country ever since at the behest of the Western masters. They have pursued anti-Russian policies and turned Ukraine into an ‘anti-Russian project’ and Western puppet state. “Russians” in “New Russia” and “Malorossiya,” or Little Russia, desire to live in the Russia World but are being repressed by these “fascists” who continue to rule Ukraine. This mythical view of Ukraine became even more out of touch with reality after Jewish Russian-speaking eastern-Ukrainian Volodymyr Zelenskyy was elected in April 2019. In the summer of that year, Ukraine was the only country in the world outside of Israel with a Jewish president and Jewish prime minister.
That this has nothing to do with reality is irrelevant because, as Putin’s article shows, this is what is believed in Moscow. “Russians” in “New Russia” and Malorossiya’ are waiting for liberation from western Ukrainian ‘fascists’ so they can take their place in the Russian World. Ominously, Putin’s 2021 article is to be studied by soldiers in the Russian armed forces.
Putin is likely to initiate military or another form of hard security action against Ukraine for three reasons. The first is that Putin adamantly believes “New Russia” is “Russian” land which Ukraine has forfeited after Ukrainian nationalists came to power in the Euromaidan Revolution and transformed Ukraine into an “anti-Russian project” or puppet state with Western masters. Ukraine’s very existence as an independent country outside the Russian World is viewed by the Kremlin as evidence of the existence of an “anti-Russian project.”
Lost on Western analysts and policymakers is that Putin’s views are not new and have been long held by Russian elites. As long ago as August 1991, just ahead of the USSR disintegration, President Boris Yeltsin’s press secretary warned that Ukraine’s borders would be only recognized if it remained within the USSR. In the 1990s this was transformed into Ukraine continuing to remain within the Russian-led Commonwealth of Independent States (CIS) and under Putin in the Russian World. Russia made territorial claims towards Crimea throughout the twenty-two years prior to the 2014 crisis.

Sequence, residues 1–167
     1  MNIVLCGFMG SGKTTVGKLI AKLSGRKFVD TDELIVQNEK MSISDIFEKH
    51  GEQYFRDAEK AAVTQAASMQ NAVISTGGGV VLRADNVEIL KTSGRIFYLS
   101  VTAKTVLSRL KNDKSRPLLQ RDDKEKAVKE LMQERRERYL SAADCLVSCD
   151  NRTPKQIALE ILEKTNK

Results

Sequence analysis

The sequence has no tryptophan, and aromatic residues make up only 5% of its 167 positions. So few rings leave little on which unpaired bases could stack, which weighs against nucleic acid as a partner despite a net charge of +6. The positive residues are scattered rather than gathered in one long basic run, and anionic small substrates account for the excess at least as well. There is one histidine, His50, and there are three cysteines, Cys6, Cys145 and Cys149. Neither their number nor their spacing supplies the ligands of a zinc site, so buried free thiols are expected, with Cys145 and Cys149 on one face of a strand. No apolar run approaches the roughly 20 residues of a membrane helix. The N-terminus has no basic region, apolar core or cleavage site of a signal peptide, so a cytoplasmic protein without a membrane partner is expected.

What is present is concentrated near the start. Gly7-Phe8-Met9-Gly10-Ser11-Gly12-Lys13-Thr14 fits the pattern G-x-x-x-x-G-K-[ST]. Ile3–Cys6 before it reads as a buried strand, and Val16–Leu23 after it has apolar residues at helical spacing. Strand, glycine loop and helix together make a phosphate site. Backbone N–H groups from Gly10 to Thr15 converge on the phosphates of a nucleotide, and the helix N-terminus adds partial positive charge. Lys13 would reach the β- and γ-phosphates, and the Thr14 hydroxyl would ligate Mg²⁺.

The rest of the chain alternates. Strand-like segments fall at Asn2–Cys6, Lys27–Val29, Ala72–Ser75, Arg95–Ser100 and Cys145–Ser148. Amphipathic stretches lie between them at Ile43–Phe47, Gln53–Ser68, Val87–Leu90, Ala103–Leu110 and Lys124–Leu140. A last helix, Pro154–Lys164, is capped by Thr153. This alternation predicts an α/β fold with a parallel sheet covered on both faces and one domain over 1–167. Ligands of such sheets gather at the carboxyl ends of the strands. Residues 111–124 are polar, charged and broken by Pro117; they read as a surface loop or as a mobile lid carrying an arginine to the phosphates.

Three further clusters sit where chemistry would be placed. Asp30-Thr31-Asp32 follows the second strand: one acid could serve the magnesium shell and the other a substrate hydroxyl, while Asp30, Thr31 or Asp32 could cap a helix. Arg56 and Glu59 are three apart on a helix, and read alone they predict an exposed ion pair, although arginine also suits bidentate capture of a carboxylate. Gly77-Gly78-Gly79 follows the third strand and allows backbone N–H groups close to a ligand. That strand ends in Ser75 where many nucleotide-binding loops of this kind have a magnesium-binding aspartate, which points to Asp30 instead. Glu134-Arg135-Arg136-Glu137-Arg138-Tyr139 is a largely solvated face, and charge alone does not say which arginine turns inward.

The second is Putin’s goal of entering Russian history as the “gatherer of Russian lands” would be a failure if he lost Ukraine forever. This idea germinated during his term as prime minister and was implemented with the assistance of Ukrainian oligarch and politician Viktor Medvedchuk after Putin’s re-election in 2012. Politics is personal for Putin and Zelensky’s decision to bring treason charges against Medvedchuk, whose daughter has Putin as her godfather, is viewed as an attack on Russia’s interests in Ukraine. There cannot be a Russian World without Ukraine, as Kyiv is the “Mother of Russian cities” and “Kievan Russia” is the birthplace of the “Russian people.”
The third factor is Russian control over “New Russia,” in whatever form, would deny Ukraine access to the Black Sea in the same manner as Putin has already denied Ukraine access to the Azov Sea by building a bridge across the Kerch Strait. Russia would act sooner rather than later to thwart Ukrainian attempts, with U.S. and British assistance, to re-build the Ukrainian navy which was stolen and destroyed in 2014 when Russia invaded and annexed Crimea.
Russia has several options it could pursue. These include an incursion into the Kherson region to take control of water supplies to Crimea, blocking shipping from Odesa and Mykolayiv in the Black Sea west of Crimea or using Transnistria, a breakaway region from Moldova with a large Russian-speaking population, as a base to foment separatism in the Odesa region. Loss of control over its southern land and sea would prove Putin’s thesis that Ukraine is an “artificial” construct and unable to exist as a viable entity outside the Russian World.